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NTT DoCoMo, Japan’s largest mobile telecommunications carrier, is planning a broad expansion into Asia in an effort to exploit a predicted boom in high-technology demand in the region.
Masao Nakamura, chief executive, told the Financial Times that the company was considering forays into the potentially large markets of Indonesia, Thailand and Vietnam. “I think the centre of activity going forward will be Asia,” he said.
Mr Nakamura said the model for its expansion into Europe – technical alliances without large cash outlays – might not work in less advanced Asian markets. “In Asia . . . no investment may not be a feasible idea.”
However, he raised doubts about investing in China and India, the two Asian markets with the biggest populations and greatest long-term potential.
He said a lack of clarity about the state of the Chinese market meant “we haven’t had any concrete talks . . . We’re not really sure which operator runs which technology.”
In India, Vodafone’s acquisition of a stake in Bharti Telecom, the Indian operator, meant “we have to think which operator is left and it’s going to be difficult”.
NTT DoCoMo’s zeal for overseas expansion is driven by a desire to cut handset costs – one of the biggest headaches of Japanese mobile carriers.
About 70 models are launched every year in Japan to satisfy the country’s fashion-conscious customers. This reduces economies of scale, keeping costs high. It also sometimes forces carriers to give away relatively new handsets.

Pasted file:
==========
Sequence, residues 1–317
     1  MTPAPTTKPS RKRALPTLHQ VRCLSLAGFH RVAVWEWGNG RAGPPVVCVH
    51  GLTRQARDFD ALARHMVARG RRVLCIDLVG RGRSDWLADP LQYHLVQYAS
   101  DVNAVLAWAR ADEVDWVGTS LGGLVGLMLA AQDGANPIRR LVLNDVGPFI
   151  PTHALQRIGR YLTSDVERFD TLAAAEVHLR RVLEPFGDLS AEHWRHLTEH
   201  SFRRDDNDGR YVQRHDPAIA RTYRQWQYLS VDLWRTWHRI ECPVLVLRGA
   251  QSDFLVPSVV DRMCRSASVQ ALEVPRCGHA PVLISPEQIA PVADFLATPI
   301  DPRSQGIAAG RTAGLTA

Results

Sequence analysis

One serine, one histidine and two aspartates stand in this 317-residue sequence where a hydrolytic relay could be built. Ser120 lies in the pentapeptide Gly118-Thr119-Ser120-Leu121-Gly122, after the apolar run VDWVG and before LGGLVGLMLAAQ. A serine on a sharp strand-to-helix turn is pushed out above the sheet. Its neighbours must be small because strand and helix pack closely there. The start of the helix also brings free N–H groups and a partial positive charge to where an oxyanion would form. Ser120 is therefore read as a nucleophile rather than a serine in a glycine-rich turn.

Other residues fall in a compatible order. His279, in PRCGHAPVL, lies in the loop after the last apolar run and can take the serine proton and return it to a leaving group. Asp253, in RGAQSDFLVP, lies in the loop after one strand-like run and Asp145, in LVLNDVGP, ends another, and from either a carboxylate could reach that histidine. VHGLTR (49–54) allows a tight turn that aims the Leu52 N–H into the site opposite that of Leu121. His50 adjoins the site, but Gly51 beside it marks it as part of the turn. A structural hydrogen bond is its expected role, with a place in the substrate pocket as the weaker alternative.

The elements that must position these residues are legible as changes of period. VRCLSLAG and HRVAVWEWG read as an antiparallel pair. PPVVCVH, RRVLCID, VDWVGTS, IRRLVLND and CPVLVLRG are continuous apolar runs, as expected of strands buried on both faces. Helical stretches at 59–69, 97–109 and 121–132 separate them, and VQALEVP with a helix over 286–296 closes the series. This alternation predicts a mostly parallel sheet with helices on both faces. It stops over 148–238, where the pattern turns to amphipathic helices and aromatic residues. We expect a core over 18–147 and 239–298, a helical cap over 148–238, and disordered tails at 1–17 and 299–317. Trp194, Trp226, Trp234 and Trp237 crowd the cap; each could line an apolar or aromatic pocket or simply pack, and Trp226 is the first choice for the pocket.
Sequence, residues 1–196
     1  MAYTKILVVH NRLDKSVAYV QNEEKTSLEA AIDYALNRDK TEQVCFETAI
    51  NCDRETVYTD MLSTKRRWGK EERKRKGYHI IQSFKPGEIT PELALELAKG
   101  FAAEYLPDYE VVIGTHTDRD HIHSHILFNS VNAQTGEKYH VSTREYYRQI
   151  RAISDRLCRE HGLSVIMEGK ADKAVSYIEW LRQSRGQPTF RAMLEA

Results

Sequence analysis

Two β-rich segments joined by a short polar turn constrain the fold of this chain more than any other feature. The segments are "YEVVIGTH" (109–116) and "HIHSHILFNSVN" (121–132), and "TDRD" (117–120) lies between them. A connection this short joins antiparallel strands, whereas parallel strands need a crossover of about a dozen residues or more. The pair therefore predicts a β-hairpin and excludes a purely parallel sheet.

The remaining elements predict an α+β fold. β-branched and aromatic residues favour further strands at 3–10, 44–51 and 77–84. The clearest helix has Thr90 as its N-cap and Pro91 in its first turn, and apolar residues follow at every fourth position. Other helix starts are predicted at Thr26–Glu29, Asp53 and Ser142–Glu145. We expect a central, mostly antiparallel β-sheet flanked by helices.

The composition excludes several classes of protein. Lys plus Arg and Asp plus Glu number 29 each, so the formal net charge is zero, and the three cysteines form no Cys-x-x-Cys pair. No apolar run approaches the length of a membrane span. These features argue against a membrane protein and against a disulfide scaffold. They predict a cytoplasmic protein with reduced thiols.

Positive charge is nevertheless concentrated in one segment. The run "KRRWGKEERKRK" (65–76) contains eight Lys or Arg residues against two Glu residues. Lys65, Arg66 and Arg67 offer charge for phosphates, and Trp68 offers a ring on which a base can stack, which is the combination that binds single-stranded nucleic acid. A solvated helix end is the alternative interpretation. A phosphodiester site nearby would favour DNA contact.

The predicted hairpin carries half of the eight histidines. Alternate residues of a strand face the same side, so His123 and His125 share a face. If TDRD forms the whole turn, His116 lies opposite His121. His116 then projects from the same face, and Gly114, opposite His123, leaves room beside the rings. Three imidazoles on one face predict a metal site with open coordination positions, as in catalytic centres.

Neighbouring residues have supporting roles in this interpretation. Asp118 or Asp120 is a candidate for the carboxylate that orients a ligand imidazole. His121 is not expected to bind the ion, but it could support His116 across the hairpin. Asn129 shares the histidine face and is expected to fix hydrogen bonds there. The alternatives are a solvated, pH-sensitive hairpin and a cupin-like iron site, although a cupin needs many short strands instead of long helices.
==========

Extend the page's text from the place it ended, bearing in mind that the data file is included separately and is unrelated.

NTT DoCoMo’s solution – and the core of its overseas strategy – has been to persuade overseas operators to use the company’s trademark i-mode mobile internet services. This should allow manufacturers to produce more i-mode handsets, increasing economies of scale.
The plans will build on NTT DoCoMo’s success in persuading Hutchison Telecom Hong Kong to use i-mode phones – an alliance announced yesterday. The company already has i-mode alliances in Singapore, Taiwan and the Philippines.
In spite of doubts about China and India, “there are many other large markets with high
populations such as Thailand, Vietnam and Indonesia, and
the challenge for us is to decide what to do with these large
markets”, Mr Nakamura said.
He added: “We’ve been having talks on various issues. But in these markets . . . nothing has been decided.” NTT DoCoMo needed to clarify technological issues and “the direction of foreign ownership”, he said.
NTT DoCoMo’s focus on cutting handset costs is motivated in part by tougher competition in Japan. Softbank, the technology company with a reputation as an aggressive competitor, has recently entered the mobile market. Also, from this autumn Japanese consumers will be able to change mobile carrier without giving up their old number.